But there was a lot more to Ludwig's physiological contributions. He invented ways to measure blood pressure and blood flow, he invented a device to separate gases from blood, and he was the first to keep animal organs alive outside the body. He even researched anesthesia. He won numerous awards and is credited by scholars as having contributed to our understanding of every body system other than our sensory systems (sight, hearing, etc.).

But there's more. Ludwig was a professor and a great teacher. He founded a school: the Physiological Institute at the University of Leipzig.

And of course you know what I'm going to say next:
There's more. Way more. Ludwig (along with several others he discussed science and medicine with in Berlin) rejected the idea that had existed forever that biology had its own special laws and forces. That living things were completely different from nonliving things in their “vital force” – and that the physical and chemical laws that applied in other scientific endeavors had no bearing on biology.

Instead, Ludwig and his friends tried to understand the complexities of living things by looking at those laws of physics and chemistry.

And of course, they were right.

  • Here is a much-shorter, simpler, and cornier info-video about the urinary system, for young kids. 

Also on this date:

Explorer and scientist Joaquin de Acosta's birthday 

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December 28 – Endangered Species Act Day

Posted on December 28, 2014

This is a busy time of year – and lots of people are recovering from (or still enjoying) overeating, partying, hosting, and traveling. It's hard to get most people to care about sea turtles and sei whales when they have three loads of laundry to do or brand new video games to play.

So Endangered Species Day is not today; it's the third Friday in May.

But today is the anniversary of the signing of the Endangered Species Act. On this date in 1973, President Richard Nixon signed the bill into law.

This law was designed to protect species that were in danger of going extinct – especially when the cause for extinction was humankind's growth or activities. The U.S. Supreme Court later decided that the intent was to “reverse the trend toward species extinction.” 

Before this law was passed, there were laws that protected this creature and that other creature, and once in a while there were laws that protected certain types of creatures (such as migrating birds). One obvious creature to protect in the U.S. was the nation's symbol, the bald eagle.

But the Endangered Species Act helps to protect all the Endangered and Threatened species listed by the Fish and Wildlife Service and the National Oceanic and Atmospheric Administration.


Also on this date:

Anniversary of the consecration of Westminster Abbey 

Pledge of Allegiance Day 

Anniversary of chewing gum patent

Anniversary of dishwasher patent

They're Always Changing the Map Day

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December 27 – Howdy Doody Day

Posted on December 27, 2014

What do you get when you mix puppetry, Western frontier themes, creative imagination, and a fight over rights to “intellectual property”?

Apparently, you get a popular kids' TV show called Howdy Doody! Starring a character known as (you guessed it!) Howdy Doody.

The creator of Howdy Doody was radio and TV personality Bob Smith. He created the voice-only character on his radio show, and when there was demand for a visual character, a puppeteer named Frank Paris was asked to make a Howdy Doody puppet.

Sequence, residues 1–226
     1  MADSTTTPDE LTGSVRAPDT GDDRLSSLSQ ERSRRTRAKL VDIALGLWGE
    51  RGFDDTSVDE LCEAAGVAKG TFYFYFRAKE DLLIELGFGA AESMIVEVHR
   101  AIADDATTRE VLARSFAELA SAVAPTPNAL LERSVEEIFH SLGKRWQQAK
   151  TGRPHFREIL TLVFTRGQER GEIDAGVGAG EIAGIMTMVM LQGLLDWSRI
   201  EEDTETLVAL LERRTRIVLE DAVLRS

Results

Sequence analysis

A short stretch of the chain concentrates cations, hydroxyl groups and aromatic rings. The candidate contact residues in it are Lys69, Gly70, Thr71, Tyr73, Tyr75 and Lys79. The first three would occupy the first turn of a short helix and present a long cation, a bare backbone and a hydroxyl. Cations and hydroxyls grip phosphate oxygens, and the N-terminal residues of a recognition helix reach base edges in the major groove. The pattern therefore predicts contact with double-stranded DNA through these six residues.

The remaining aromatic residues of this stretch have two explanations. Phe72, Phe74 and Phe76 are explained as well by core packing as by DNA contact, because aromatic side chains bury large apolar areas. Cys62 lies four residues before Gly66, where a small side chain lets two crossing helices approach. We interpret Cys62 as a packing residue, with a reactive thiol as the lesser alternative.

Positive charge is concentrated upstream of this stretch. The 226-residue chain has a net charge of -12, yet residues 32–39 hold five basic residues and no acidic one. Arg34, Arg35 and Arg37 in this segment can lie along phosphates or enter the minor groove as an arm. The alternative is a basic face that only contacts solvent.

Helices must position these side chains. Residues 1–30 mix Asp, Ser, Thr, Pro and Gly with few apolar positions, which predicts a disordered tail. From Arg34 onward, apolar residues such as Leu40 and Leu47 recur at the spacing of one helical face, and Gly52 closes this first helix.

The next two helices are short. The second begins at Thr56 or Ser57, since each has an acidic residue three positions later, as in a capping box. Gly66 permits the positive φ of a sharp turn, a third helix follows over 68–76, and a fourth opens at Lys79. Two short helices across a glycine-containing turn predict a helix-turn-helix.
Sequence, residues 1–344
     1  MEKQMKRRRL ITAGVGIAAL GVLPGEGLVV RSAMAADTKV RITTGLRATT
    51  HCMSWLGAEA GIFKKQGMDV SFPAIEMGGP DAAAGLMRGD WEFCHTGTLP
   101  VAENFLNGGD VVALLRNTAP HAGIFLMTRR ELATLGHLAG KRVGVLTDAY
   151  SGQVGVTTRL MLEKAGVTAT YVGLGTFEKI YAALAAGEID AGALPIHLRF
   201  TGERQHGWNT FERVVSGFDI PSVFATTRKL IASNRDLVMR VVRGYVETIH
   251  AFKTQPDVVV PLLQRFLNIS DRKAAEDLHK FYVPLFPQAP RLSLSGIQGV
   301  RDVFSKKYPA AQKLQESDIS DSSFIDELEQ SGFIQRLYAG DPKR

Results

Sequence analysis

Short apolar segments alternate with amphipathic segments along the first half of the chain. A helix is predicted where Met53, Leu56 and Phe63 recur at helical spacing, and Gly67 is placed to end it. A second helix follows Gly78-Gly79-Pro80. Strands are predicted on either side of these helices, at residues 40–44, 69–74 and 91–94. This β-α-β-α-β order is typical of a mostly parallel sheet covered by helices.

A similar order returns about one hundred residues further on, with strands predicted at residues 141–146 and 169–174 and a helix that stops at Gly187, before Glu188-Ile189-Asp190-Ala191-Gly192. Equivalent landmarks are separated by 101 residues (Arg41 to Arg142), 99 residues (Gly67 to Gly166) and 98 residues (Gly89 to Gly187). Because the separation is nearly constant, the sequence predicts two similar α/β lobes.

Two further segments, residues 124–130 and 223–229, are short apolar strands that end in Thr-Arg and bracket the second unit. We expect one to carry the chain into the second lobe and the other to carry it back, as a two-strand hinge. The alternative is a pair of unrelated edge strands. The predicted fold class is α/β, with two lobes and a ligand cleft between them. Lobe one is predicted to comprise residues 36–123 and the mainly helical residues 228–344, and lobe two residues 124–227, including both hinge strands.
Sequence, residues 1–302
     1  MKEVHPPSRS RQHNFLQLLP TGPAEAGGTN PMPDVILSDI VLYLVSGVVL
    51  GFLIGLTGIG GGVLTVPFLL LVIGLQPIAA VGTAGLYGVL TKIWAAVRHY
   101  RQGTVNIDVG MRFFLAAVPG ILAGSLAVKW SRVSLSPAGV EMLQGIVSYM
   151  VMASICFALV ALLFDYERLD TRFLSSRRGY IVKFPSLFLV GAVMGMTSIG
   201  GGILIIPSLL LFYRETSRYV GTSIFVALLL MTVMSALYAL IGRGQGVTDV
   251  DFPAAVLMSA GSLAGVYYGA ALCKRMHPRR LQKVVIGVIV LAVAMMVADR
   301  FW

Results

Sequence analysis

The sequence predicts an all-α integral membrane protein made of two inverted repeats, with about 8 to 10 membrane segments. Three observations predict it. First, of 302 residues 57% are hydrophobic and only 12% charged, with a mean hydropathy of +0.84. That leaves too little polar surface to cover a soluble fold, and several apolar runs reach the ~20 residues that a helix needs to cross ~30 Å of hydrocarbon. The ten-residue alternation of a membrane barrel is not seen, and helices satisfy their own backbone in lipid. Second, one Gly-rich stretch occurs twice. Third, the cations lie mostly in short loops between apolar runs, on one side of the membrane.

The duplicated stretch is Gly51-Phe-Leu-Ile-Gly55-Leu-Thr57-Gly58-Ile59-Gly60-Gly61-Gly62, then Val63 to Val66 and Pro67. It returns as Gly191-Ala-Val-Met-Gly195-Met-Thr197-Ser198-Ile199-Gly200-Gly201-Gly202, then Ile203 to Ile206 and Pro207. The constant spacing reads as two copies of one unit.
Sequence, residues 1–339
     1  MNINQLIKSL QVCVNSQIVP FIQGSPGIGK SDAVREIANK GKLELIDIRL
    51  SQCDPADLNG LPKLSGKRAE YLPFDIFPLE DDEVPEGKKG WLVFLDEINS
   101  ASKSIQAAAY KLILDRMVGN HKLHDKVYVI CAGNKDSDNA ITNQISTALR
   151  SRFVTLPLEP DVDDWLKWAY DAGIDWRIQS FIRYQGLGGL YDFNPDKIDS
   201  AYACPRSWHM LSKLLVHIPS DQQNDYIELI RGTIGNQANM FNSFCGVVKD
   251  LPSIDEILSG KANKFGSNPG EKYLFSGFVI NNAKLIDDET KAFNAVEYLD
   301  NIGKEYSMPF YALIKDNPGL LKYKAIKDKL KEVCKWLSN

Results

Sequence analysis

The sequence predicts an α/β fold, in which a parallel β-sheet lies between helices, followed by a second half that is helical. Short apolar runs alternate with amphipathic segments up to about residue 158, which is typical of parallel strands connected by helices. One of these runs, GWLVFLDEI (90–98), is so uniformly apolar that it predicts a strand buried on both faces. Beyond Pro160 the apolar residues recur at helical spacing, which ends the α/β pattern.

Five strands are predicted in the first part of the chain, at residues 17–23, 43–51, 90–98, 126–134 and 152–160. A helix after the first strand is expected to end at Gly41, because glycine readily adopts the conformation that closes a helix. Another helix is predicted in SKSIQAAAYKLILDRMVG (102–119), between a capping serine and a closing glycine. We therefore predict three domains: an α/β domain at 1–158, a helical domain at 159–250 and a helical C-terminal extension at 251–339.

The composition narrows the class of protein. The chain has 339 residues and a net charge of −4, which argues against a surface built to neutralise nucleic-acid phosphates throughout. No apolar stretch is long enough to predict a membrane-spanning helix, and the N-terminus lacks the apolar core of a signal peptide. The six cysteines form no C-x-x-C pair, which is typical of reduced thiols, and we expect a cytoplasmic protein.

This is the original
Howdy Doody puppet.
Recognize him?
No, neither did I!
Bob Smith first dressed up in Western garb to match his puppet, donned the name Buffalo Bob, and took center stage on this date in 1947. The TV show was a big hit, and the show lasted for 13 years!

So...where did the fight over rights come in?

The show became known and popular quickly, and within the year toymakers and department stores were getting requests from customers for Howdy Doody dolls, puppets, and other merchandise. Macy's department store contacted the puppeteer, Frank Paris, asking about the rights for a Howdy Doody doll. But Paris didn't hold the rights to the character or name – remember, it was all the creation of Bob Smith. Paris got angry and felt that he was being cheated out of his own rights as the puppet's maker.

So Paris made an immature flounce – just four hours before the show was to air live, he left the TV studios in anger. And he took the puppet with him!

Actually, it was not the first time that Paris had taken his puppet and left the show with no star. But it was the last.

Someone created a quickie prop – a map of the U.S. – and everyone else decided how to explain the puppet's absence. Soon, Buffalo Bob was on the air, explaining that Howdy Doody was gone because he was on the campaign trail, touring the nation with the candidates.

Buffalo Bob even added that, while Howdy Doody was on the road, he was getting some plastic surgery.

In the real world, the studio hired another puppeteer to make a better, handsomer version of the Howdy Doody puppet. It is Velma Dawson's version of Howdy Doody that was used and seen and loved all those years – and it is her version that old folks remember fondly – and it is her version that most people think is “the original.” The actual original, Paris's uglier puppet, has been mostly forgotten.

I think that this should teach us all NOT to take our ball (real or metaphorical) and flounce home!

Howdy Doody by the numbers

  • Howdy Doody had 48 freckles: one for every state in the nation. (Shortly before the show ended, Alaska became the 49th state, and the freckles count became outdated.)
  • The original Paris-version Howdy Doody was controlled by 11 strings. The new Dawson-version Howdy Doody had 14 strings.
  • Actually, there were three of the new Dawson-version Howdy Doody puppets: Howdy Doody (for close-ups), Double Doody (for long shots), and Photo Doody (the near-stringless marionette that was used in personal appearances, photo shoots, and parades).
  • Photo Doody was sold in 1997 for more than $113,000.

Also on this date:

Kwanzaa (from 12/26/11 to 1/1/12)

Astronomer Johannes Kepler's birthday